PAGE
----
MFN2 knockdown enhances glycolysis of iPSC-MSCs

Glycolysis Stress Test Complete Assay Kit and Mitochondrial Stress Test Complete Assay Kit were utilized to determine whether MFN2 regulates the energy metabolism of iPSC-MSCs. The results showed that the basal glycolysis and glycolytic capacity in MFN2-KD iPSC-MSCs were significantly enhanced (Fig. 3A). We further determined the activity of key enzymes and mRNA expression levels in the glycolysis process and found that they were all significantly upregulated (Fig. 3C, D). Consistently, the concentration of intracellular lactic acid was increased (Fig. 3E). HIF-1α plays an important role in guiding the conversion of cell metabolism to glycolysis, which is required for increased glycolysis by MFN1/2 ablation [11]. Our result was consistent with it, and MFN2 knockdown induced the stabilization of HIF-1α (Additional file 6: Fig. S6A, B). There is no statistical difference in the effect of MFN2 on OXPHOS (Fig. 3I, J). In addition, MFN2-OE iPSC-MSCs showed the opposite phenotype (Fig. 3B, F, G, H). These results indicate that MFN2 knockdown enhances the glycolysis of iPSC-MSCs.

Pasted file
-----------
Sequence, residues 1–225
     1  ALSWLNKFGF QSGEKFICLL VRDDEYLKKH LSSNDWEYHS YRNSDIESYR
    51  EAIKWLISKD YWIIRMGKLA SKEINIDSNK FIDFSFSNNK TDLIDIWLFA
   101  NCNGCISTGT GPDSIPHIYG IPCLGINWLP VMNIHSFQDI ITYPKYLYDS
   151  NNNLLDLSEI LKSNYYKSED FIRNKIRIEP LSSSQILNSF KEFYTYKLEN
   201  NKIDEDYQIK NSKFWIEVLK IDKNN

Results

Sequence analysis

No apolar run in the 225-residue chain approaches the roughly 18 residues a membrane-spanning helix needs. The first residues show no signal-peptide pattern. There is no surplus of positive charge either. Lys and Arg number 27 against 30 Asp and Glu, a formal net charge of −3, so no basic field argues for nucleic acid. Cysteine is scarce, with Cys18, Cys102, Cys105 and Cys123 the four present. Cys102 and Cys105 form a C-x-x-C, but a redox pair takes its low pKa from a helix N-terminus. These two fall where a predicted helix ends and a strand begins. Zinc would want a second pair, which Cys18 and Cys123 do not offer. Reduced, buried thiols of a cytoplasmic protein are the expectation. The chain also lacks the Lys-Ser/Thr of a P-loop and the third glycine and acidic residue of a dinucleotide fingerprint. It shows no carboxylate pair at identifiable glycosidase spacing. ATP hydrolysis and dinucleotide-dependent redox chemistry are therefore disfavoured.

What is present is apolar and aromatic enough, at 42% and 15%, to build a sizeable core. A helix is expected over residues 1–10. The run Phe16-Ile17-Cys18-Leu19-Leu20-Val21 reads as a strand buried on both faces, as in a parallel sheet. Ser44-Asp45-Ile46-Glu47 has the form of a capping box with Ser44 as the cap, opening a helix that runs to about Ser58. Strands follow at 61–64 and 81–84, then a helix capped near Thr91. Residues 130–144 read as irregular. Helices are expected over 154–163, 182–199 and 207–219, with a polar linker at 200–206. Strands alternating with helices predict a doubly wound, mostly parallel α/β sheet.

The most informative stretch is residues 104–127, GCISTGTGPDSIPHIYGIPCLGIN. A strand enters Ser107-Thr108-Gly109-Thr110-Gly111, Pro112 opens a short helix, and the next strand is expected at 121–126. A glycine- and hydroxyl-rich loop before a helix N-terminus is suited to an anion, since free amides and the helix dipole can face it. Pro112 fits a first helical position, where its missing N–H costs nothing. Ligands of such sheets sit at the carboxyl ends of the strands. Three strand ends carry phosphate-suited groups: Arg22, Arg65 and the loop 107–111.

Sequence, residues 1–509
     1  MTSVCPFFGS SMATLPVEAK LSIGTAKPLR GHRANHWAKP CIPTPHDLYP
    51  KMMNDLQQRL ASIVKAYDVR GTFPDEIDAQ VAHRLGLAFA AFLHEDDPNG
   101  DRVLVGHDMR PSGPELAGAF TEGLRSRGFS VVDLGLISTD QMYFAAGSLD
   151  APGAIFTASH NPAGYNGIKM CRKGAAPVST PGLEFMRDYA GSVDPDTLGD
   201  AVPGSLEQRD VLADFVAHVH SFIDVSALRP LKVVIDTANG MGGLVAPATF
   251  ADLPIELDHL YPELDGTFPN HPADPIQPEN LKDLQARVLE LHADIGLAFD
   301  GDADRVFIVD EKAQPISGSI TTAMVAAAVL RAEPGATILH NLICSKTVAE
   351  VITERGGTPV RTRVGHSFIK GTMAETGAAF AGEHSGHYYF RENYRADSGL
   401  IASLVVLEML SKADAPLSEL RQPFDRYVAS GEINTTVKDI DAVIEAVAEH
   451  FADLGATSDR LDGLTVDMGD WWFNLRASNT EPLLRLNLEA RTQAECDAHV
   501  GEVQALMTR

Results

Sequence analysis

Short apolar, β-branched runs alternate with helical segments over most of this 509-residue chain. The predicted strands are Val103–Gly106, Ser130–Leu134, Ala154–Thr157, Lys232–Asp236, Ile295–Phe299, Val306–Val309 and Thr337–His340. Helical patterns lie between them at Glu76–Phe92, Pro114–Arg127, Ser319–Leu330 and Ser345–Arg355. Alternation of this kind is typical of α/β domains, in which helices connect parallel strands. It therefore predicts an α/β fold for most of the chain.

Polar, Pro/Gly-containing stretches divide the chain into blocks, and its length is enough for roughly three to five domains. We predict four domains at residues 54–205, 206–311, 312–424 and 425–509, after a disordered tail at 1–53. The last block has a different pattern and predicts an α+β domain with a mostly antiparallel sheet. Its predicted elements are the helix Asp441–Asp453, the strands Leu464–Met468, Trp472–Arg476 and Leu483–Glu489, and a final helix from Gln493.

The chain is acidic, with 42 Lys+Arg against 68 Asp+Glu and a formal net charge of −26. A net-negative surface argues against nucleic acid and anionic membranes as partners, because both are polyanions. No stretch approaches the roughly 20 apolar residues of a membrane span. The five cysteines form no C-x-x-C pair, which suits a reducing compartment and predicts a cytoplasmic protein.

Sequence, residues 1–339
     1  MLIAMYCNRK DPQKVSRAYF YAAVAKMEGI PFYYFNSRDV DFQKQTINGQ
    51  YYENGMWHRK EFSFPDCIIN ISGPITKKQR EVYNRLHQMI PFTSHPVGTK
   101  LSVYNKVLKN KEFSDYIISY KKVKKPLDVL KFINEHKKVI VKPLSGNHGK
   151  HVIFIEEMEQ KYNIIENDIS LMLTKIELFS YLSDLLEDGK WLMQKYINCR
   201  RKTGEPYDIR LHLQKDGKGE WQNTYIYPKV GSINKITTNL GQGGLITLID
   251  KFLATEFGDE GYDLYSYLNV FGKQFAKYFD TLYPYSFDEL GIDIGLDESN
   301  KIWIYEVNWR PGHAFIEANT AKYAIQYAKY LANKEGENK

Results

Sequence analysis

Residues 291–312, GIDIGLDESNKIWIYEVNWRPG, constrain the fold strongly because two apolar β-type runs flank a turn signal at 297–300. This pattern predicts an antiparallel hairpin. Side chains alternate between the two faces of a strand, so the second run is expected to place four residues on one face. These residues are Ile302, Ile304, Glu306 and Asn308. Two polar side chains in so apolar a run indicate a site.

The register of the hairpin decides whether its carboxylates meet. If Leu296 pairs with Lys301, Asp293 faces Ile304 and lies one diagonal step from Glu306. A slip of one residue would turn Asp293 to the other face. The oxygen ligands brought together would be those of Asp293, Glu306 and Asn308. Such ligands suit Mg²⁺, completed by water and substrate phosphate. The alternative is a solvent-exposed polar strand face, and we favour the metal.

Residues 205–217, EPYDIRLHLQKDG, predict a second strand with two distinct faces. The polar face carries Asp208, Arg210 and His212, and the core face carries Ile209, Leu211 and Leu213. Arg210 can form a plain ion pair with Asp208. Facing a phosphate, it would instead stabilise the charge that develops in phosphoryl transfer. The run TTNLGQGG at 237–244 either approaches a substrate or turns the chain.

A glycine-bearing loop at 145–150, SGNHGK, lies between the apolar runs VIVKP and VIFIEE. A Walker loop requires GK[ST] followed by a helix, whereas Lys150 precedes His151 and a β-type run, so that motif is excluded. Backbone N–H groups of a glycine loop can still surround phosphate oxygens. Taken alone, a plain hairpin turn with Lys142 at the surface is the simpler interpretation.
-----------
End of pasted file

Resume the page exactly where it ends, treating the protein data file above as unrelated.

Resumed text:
Fig. 3
figure 3

MFN2 knockdown enhances glycolysis of iPSC-MSCs. AB The relative basal glycolysis and glycolytic capacity of WT, MFN2-KD, and MFN2-OE iPSC-MSCs. C, F qRT-PCR analysis of glycolytic enzymes in WT, MFN2-KD, and MFN2-OE iPSC-MSCs. D, G Relative activity of glycolytic enzymes in WT, MFN2-KD, and MFN2-OE iPSC-MSCs. E, H Lactic acid levels of WT, MFN2-KD, and MFN2-OE iPSC-MSCs. IJ The relative basal and maximal respiration of WT, MFN2-KD, and MFN2-OE iPSC-MSCs. NC: negative control. ns, no significant. Data are expressed as mean ± SD, *P < 0.05, **P < 0.01, ***P < 0.001

Wnt/β-catenin signaling pathway regulates glycolysis of iPSC-MSCs

We further determined whether the Wnt/β-catenin signaling pathway was involved in regulating the glycolysis of iPSC-MSCs. XAV-939 (2 μM, Selleck, USA) was used to selectively inhibit Wnt/β-catenin-mediated transcription and SKL2001 (20 μM, Selleck, USA) to disrupt the Axin/β-catenin interaction to activate the Wnt/β-catenin signaling pathway. The results showed that XAV-939 normalized the enhanced glycolysis level MFN2-KD iPSC-MSCs, the concentration of intracellular lactic acid, the activity, and mRNA expression level of key glycolysis enzymes (Fig. 4A, C, D, E). SKL2001 rescued the corresponding indicators of MFN2-OE iPSC-MSCs (Fig. 4B, F, G, H). Furthermore, inhibitors and activators of the Wnt/β-catenin signaling pathway had no significant effect on OXPHOS (Fig. 4I, J). In conclusion, the Wnt/β-catenin signaling pathway positively regulated the glycolysis of iPSC-MSCs.

Fig. 4
figure 4